Jobseekers have also said they prefer employers to be open to negotiation while they are trying to make their decision. It is therefore critical that for this part of the journey, employers give them time and space to reach a decision, and to be available for further discussion, much like the customers who would like to have some time before making the purchase, especially when it comes to big-ticket items. It is also recommended that employers, like a good salesperson who proactively reaches out to their customers, drop jobseekers a friendly check-in call during the final leg of the hiring journey before closing the deal.  

Making human interaction a priority 

For many people, the pandemic has been a three-year period without sustained social interaction. Even though virtual meetings are now an accepted part of our lives and e-commerce is a boom to the economy, people still crave in-person contact. Face-to-face meetings are essential for people to connect, communicate effectively, and react based on nonverbal cues, such as body language and facial expressions. 

The best way to set up human interaction would be during the interview, which is equivalent to the sales pitch stage, to introduce the jobseeker to the working environment between future colleagues or provide a demonstration of the product to the customer so they know what to expect after making the decision.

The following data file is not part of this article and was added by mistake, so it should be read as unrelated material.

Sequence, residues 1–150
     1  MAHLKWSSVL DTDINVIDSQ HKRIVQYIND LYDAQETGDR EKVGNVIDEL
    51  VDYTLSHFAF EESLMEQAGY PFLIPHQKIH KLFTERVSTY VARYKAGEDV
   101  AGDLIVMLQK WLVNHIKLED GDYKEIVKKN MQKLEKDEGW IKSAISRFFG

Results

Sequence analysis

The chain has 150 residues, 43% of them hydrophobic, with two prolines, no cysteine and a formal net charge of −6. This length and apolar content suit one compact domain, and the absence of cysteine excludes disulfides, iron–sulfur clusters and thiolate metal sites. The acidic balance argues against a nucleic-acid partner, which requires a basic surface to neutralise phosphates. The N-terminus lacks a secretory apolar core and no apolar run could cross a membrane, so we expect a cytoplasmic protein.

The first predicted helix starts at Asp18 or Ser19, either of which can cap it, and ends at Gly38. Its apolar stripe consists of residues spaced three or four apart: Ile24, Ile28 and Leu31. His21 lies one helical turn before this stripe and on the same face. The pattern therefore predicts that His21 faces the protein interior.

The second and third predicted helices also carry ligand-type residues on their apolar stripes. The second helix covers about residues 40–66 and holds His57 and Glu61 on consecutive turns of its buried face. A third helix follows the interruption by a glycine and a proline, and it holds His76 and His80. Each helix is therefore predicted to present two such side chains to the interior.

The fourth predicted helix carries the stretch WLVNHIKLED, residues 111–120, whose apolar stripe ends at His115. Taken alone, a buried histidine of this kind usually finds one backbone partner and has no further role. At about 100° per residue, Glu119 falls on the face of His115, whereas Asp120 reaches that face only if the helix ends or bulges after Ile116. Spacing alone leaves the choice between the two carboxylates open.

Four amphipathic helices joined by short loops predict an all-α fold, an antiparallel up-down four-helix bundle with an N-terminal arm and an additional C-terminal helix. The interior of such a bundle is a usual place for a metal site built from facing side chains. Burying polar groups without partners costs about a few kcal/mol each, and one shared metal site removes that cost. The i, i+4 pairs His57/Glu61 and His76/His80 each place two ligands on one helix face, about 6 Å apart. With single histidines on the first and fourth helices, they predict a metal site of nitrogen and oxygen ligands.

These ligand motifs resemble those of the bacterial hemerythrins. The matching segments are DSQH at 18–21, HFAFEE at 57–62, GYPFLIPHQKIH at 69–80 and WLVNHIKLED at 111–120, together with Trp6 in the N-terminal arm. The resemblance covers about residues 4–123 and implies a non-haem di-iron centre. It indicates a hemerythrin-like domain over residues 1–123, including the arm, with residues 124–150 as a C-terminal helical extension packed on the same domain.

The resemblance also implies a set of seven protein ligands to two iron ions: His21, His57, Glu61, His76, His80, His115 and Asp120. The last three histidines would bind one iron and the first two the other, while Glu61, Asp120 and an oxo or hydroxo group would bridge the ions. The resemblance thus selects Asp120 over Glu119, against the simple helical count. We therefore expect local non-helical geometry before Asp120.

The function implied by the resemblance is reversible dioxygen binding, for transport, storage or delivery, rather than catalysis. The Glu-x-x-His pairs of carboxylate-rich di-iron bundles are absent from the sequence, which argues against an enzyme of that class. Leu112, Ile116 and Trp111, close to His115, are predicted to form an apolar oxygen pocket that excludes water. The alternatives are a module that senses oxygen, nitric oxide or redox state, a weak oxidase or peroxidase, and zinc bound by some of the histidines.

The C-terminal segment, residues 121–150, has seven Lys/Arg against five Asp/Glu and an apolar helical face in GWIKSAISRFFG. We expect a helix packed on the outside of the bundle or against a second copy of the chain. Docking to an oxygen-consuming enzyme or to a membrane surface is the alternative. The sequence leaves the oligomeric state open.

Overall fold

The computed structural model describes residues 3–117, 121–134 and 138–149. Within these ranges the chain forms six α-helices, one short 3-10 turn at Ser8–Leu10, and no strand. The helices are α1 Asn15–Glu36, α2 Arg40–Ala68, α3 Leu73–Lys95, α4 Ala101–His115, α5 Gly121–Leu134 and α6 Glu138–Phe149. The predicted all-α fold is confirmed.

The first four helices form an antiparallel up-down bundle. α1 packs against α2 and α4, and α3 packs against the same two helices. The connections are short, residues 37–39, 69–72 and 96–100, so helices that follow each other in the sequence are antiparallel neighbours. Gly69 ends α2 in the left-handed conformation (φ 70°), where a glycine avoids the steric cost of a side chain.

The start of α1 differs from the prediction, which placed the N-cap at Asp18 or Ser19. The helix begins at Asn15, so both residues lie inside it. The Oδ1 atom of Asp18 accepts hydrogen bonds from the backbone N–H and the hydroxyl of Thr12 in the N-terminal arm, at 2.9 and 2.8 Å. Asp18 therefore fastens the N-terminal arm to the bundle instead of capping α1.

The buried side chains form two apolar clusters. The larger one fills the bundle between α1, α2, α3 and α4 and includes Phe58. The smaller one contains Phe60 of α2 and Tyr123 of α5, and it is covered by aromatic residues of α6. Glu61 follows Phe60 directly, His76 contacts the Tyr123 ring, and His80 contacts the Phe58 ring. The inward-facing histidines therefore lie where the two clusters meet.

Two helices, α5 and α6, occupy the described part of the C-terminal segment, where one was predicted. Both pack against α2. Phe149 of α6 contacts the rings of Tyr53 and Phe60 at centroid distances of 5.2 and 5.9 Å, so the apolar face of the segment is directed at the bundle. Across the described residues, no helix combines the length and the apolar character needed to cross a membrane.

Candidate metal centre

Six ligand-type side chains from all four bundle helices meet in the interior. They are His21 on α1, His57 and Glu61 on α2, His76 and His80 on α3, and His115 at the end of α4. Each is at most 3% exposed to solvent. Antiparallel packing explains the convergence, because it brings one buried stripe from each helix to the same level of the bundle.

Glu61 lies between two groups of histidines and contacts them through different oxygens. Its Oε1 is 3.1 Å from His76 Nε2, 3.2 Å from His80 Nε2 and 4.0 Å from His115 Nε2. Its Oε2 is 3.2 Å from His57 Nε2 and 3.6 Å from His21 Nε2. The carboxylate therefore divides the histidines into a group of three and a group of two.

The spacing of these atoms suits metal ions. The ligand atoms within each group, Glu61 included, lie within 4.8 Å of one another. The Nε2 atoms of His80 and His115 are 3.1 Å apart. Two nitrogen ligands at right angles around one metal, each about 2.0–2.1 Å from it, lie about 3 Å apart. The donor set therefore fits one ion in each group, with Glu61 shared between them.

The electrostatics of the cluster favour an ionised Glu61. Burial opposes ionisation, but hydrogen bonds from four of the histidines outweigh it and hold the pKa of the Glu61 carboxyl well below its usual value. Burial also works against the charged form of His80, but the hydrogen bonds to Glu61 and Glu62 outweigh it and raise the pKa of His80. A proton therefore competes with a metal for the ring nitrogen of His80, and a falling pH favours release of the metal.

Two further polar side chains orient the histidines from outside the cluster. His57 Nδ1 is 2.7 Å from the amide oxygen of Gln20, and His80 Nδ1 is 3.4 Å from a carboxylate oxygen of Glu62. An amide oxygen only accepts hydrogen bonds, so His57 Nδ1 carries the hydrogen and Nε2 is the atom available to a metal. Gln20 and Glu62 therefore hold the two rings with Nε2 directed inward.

Exercising flexibility

There is no doubt that it is a competitive market out there, but employers should still strive to be flexible and be on the lookout for creative ways to increase their talent pool, somewhat like how salespeople should be creative in their sales and marketing tactics.

Firstly, for example, businesses can access new talent pools by being open to hiring overseas talent with the right skills or collaborating with integration programs for disadvantaged populations. Furthermore, having a diverse team encourages creativity, and cultivating different perspectives within an organisation has been shown to improve profitability. A McKinsey study in 2019 found that companies in the top quartile for gender and ethnic diversity on executive teams were 25% and 36% more likely to have above-average profitability than companies in the bottom quartile. This means that a diverse team of employees will reap greater business benefits. 

Secondly, businesses should look beyond the usual markets and universities, and be willing to hire for 70% fit and train the remaining 30%. It is imperative first of all to determine if the talent have the necessary soft skills that are a good fit for the organisation, as hard skills can be acquired later through on-the-job training or upskilling courses to polish existing abilities. 

Lastly, businesses should also look within and scrutinise their own internal talent pool. According to the report, one of the top reasons why employees leave their organisation and look for new jobs is career progression and upward opportunities. Therefore, before employers dip into the external talent market for new hires, they should first of all examine their own resources and see how they can maximise their talents and develop their skill sets by providing them with strong career paths and development opportunities. 

By taking these measures, employers will be better able to enhance their hiring journey, increase their ability to attract and develop a strong, talented workforce, and prevail in the talent war regardless of market conditions.

By Paul Thomas, Chief People and Culture Officer, Asia, SEEK